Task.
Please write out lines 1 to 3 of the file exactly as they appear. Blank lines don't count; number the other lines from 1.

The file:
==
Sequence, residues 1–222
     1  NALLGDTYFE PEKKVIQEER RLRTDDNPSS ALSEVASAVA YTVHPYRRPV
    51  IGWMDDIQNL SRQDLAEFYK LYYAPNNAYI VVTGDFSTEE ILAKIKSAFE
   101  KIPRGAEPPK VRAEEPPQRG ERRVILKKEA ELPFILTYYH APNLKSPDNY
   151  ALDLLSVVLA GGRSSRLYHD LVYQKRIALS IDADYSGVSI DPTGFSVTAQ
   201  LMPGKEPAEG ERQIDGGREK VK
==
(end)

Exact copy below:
Sequence, residues 1–222
     1  NALLGDTYFE PEKKVIQEER RLRTDDNPSS ALSEVASAVA YTVHPYRRPV
    51  IGWMDDIQNL SRQDLAEFYK LYYAPNNAYI VVTGDFSTEE ILAKIKSAFE